The energy to uphold this repressive structure is channelled from the life force at the expense of erotic fulfillment. It is never completely released. The damned-up vitality creates cruelty, crime, sexual aberration, and all the other terrors that make up human history. Gradually all the personal factors are removed: God becomes an abstraction such as First Cause, Prime Mover, Universal Spirit, till nothing tangible is left: a cold “religious” universe of spiritual energy or a cold, scientific universe of atomic energy – mechanical mysticism or mechanical materialism. What’s in a name? Truly both are equally indifferent not only to the human condition but to all sentient creatures. Such a universe can be said to be psychopathic and, indeed, such a view of the universe does breed psychopathy in the human community.


When life had meaning and the human being related to the greater entities of cosmos we could also comprehend, to varying degrees, the significance of Death. But with repression of Sex and alienation from the organic and the feminine, Death is felt as a mechanism that terminates once and for all the biological processes which are congruent with the individual. This interpretation of existence is contrary to knowledge of the collective unconsciousness of humanity. Pagans believe that all elements in the universe are interrelated; hence the deepest intuitions of our race regarding ultimate consummations are comprehensions of Reality. Only the modern era is so deranged to assume annihilation as scientifically natural. Thus, repression of Thanatos is as inevitable as repression of Eros since both are opposite sides of the same coin.


Our modern society is probably the only one to take away the sense of the sacred and with it, reassurance of meaning for both life and death. Each person is left to solve this problem for himself. For the majority the existential quest is not an actuality: repression is superficially successful even though psychological and social problems that lead to environmental destruction multiply to an alarming degree. But those few who seek the depths of Earth and the heights of Heaven undergo much suffering. In our earthly realm it is the collective milieu that creates a sense of sacred space and time, and provides a bridge for recollecting and recognizing past lives and other dimensions of being. It is very difficult to gain access to other realms by one’s self. Sometimes, it is easier for the simple-minded, for they can accept a clue on face value as verification of other realities. Many mediums fall into this category, but their revelations regarding the dead are usually rather trivial.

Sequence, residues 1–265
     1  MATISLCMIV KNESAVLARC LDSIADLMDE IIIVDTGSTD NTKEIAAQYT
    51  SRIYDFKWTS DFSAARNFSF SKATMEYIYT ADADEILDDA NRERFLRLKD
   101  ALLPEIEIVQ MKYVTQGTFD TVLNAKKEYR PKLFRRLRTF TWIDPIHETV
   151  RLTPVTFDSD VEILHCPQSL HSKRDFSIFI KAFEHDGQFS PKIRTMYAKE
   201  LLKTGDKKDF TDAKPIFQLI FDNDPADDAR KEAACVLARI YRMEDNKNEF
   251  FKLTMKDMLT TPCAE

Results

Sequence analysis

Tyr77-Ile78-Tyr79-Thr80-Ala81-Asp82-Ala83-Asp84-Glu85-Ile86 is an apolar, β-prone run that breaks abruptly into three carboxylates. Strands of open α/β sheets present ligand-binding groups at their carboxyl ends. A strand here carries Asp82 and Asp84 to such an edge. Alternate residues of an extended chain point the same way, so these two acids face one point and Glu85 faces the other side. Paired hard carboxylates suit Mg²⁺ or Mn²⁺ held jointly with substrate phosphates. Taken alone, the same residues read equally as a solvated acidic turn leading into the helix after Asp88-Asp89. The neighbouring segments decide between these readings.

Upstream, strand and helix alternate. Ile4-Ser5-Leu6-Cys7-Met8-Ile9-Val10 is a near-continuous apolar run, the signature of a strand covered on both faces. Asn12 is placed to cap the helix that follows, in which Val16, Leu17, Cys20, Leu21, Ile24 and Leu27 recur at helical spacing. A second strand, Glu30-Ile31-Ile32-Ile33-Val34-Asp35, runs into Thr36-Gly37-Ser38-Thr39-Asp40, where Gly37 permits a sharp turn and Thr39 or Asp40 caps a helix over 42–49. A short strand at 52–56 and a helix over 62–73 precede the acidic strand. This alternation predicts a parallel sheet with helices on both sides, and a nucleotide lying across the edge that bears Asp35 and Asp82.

More complicated souls face the confrontation with the “alone”, alone. There are many records of persons who finally achieved ecstatic union with the great beyond after undergoing horrible experiences of mystic dread and anxiety. Of course the “alone” is really a multiplicity of dimensions, containing many deities and other entities. But the tortured soul feels solipsistic before it breaks through the barriers of this realm. So our secular civilization has taken away our birthright; a reassuring guide to eternity. What could be worse?


The new Paganism must restore this birthright and give it new impetus. It is not enough to live in the “here and now”; we want to live in the “here and beyond”. The mysteries of the Goddess can reassure us that our “sun” will turn north again after the winter solstice and that Spring will come again to each of her unique creatures. The ancient ones want Eros to play fully in this life and send Thanatos to take us for rejuvenation to the realm of Persephone when our erotic powers are depleted.

Only if we can experience these mysteries can we create a beautiful, paradisal life on this planet…

Evoe Persephone! Evoe Rhea!